This is the full list of fallen officers whose names were called out on Friday. The 41st bucket was for the families of the fallen.
Trooper Ralph Bates
Trooper Burrell Baucom
Sr. Trooper Harold Berg
Sgt. Earl Burtch
Trooper George Cameron
Sgt. Theodore Chambers
Trooper Bret Clodfelter
White House Police Leslie Coffelt
Trooper Dale Courtney
RCMP Fabrice Gavaudan
Senior Trooper William Hakim
Game trooper William Hall
Trooper Amos Helms
Superintendent Holly Holcomb
Game Officer Arthur Hubbard
Trooper Frederick Kielhorn
Trooper William Levinson
Trooper Scott Lyons
RCMP Constable Douglas LaRoche
Trooper Philip Lowd
Sr. Trooper Maria Magnana
Trooper Dan Nelson
Trooper Richard O’Connor
RCMP Constable Joseph Prevett
Trooper Elmer Pyle
Sgt. James Rector
Trooper Delmond Rondeau
RCMP Constable David Ross
Trooper Charles Sanders
Sgt. Richard Schuening
Sgt. William Sheppard
Trooper Donald Smith
Trooper Leroy Spickerman
Trooper Willard Tubbs
Sgt. Ira Warren
Trooper Donald Welp
Canine officer Mick, Portland
Canine officer Tanja, Georgia
Canine officer Tracker, Alabama
Canine officer Ike, Idaho
They were the coolest guys in town.
Literally and figuratively.
Four The Dalles-based law enforcement officers dumped water on their own heads Friday in the parking lot of Hood River Supply on 12th Street on the Heights — 41 buckets of ice water.
The event was the Cold Water Challenge, a nationwide benefit for the Officer Down Memorial in Washington, D.C., which honors men, women and canine officers who have died while serving their communities.
In Cold Water Challenge, officers douse themselves while calling out the name of a fallen officer. They pay $10 per bucket to do so.
“Option A is wimp out, and donate $100. Option B, dump a bucket over your head,” said Oregon State Police Trooper Gavin McIlvenna, who organized Friday’s event. With him were fellow troopers Zach Bohince and Andrew Vanderwerf, and Portland Police Bureau’s Kris Barber, who with McIlvenna is part of the statewide Mobile Response Team.
“Quick and painless,” one of the quartet quipped about the repeated icy self-dousing.
One at a time, the men picked up the buckets, labeled with the names of the fallen. After doing a row of four, they stepped forward and solemnly hoisted another four buckets in turn, loudly calling out the names.
“Freezing water? It’s nothing. You think about the families and you think of the fallen who have passed and what they went through in their final moments,” McIlvenna said. “It’s just a challenge. Many people out there are afraid of it, but it’s not that bad. If I can survive having a bucket of cold water dumped on my head I think I can survive having to stand next to a brother.”
He said Sgt. Ken Terry of Roseburg, also on the MRT, challenged him and he issued the challenge to other SWAT team members from around the state. When the 41 buckets were emptied, the quartet issued their own challenges, videotaped by Trooper Jason Walters and Lt. Pat Shortt. New challenges went out to Hood River police and sheriff personnel, and Barber called out his brother, of the Bend Police Department.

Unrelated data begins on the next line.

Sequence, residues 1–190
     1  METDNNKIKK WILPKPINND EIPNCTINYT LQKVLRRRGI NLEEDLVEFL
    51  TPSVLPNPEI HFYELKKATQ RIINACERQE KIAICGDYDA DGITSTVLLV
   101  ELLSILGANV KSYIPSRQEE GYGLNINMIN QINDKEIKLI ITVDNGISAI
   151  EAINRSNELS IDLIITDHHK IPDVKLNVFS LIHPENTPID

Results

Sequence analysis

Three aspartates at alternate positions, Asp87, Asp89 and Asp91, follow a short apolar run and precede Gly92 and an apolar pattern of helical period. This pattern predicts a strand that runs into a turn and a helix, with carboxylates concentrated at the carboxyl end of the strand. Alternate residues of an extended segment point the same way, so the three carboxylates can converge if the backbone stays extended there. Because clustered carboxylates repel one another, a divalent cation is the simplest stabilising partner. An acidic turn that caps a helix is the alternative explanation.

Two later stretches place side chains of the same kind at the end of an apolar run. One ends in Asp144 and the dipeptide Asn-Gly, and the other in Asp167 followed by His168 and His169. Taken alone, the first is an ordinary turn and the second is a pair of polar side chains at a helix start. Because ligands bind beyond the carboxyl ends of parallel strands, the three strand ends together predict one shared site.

“It was our intent to do the 31 state troopers who had fallen since our inception in 1931,” said McIvenna. “I talked to SWAT Sgt. Seth Cooney (Hermiston Police) who had said he wanted other SWAT people to join us.
“I added four constables for Royal Canadian Mounted Police and four canines, and one extra for tomb guard friends who are also law enforcement, as a challenge to them to get that rolling across the country,” he said. Mcllvenna said he added the Mounties to the group because Northwest agencies have a longstanding tradition with their Canadian counterparts and especially the RCMP.
McIlvenna served on the Tomb of the Unknown Soldier guard unit from 1997 to 2000, and on Friday he remembered Leslie Coffelt, who died in the line of duty in the White House. Coffelt protected President Harry Truman from an attempted assassination in 1950.
As to the canine units, Barber called out an extra greeting to the canine officer Canine Mick, who died in service this spring.
“People hear about the gunshots, they don’t hear about the injuries, a lot of them (police dogs) retire because of injury,” Barber said. “They are willing to sacrifice for us, and a lot of times they go in first, and they step up. Mick literally and figuratively took the bullet for his handler.”
McIlvenna also called out a thank you upon saying the name of Sgt. James Rector, father of Scott Rector, a trooper assigned to The Dalles Patrol Office.
Vanderwerf and Bohince had different takes on a 10-bucket ice bath.
“It’s a nice warm day, and all for a good cause,” Vanderwerf said. “We’re here to represent all the fallen officers,” Bohince said. Hood River County Sheriff’s Deputy Joel Carmody called him out Thursday.
“It’s a little early, and I thought it would be warmer, but it’s a good cause and we’re happy to be here,” Bohince said.
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